“Where Two or Three Are Gathered Together in My Name”

by Greg Gwin

In a frequently cited verse Jesus promises “where two or three are gathered together in my name, there am I in the midst of them” (Matthew 18:20).  Often folks apply this to situations where they join with one another in prayer about a specific problem.  The idea is that if they agree together and jointly offer prayers, Jesus is ‘with them’ in regards to the desired outcome.  Even more often this verse is used concerning worship.  The concept is that Jesus approves and is effectively ‘there’ in any assembly of two or more that have joined in worship.

While people have drawn comfort from both of these notions, they sadly represent a rather serious misuse of the text in question.  As in all studies, the context of Matthew 18:20 must be considered in order to draw a true conclusion about its meaning. 

Jesus’ specific contextual thoughts begin in verse 15 where He addresses a situation in which a brother has committed a trespass.  He instructs us to “go and tell him his fault”.  If he “will not hear thee” then the next step is to “take with thee two or three witnesses”.  Finally, in the case of an unrepentant brother, we must “tell it unto the church” and if that fails he is to “be unto thee as an heathen and a publican”.  Jesus is, of course, describing a very serious and sad consequence.  We commonly refer to this as ‘church discipline’. In these matters He gives assurance that “whatsoever ye bind on earth shall be bound in heaven” (vs. 18).  It is in this specific sense that He promises “where two or three are gathered together in my name” (or by His authority) “there am I in the midst of them”.  He is ‘with us’ in the sense of approving our actions.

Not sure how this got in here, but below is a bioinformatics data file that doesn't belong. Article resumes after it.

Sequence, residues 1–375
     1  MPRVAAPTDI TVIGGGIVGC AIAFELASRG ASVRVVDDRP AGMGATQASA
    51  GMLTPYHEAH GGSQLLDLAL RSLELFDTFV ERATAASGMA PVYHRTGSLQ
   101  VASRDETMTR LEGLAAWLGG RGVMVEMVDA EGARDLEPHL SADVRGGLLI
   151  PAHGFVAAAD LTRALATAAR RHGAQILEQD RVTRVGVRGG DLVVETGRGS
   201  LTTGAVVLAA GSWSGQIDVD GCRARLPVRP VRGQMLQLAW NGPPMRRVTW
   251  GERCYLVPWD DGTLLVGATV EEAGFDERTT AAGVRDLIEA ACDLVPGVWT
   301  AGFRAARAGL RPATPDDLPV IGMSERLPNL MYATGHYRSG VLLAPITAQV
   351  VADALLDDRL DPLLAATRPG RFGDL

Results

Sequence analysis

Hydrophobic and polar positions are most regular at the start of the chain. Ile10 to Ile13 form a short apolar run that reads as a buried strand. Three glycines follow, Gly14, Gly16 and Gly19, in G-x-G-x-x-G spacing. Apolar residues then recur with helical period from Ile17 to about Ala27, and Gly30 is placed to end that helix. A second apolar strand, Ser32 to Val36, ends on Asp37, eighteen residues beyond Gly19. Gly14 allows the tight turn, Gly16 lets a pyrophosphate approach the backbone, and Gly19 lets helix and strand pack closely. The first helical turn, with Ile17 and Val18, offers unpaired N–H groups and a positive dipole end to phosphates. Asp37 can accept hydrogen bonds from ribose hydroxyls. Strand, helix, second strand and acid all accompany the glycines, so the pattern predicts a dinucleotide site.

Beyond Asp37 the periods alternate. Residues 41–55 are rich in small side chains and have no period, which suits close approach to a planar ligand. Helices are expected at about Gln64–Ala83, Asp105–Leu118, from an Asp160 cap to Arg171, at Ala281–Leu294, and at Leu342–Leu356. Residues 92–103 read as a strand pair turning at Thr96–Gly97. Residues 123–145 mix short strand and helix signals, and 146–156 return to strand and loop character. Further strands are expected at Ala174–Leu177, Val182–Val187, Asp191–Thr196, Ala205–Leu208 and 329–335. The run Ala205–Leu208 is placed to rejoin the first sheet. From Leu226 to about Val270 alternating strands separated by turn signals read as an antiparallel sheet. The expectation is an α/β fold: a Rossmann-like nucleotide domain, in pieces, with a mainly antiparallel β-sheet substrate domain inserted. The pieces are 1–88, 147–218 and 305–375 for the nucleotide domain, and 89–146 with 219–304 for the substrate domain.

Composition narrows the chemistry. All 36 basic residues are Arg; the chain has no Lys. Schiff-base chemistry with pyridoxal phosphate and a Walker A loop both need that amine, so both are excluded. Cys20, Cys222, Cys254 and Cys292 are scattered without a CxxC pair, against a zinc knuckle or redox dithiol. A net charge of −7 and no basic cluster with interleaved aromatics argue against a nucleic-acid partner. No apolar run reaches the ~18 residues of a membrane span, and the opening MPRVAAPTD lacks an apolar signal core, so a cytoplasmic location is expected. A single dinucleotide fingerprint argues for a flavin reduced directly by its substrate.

Thus we see that the frequently quoted phrase really does not have ‘prayer groups’ or, especially, worship assemblies in view at all.  To use (misuse) the passage in this way has led Christians to faulty conclusions like this: go ahead and skip the regular assembling of the church, have a brief devotional in their hotel room, and then head off to the amusement park for fun and games.  Folks who do so should not take any false comfort in the idea that Jesus is ‘with them’ in such abuses.  Matthew 18:20 offers no such justification.  Think!

Special note: The misuse of Matthew 18:20 was very evident in the coronavirus crisis.  Brethren are using this verse to justify the ‘virtual’, ‘online’, ‘remote’, ‘at home’ observance of the Lord’s Supper.  Again, the text in question does not speak to or authorize such.  We firmly believe, as many have expressed, that the Lord’s Supper is to be done when “the whole church has come together into one place” (1 Cor. 14:23 – see also 1 Cor. 11:18, 20, 34 and Acts 20:7)

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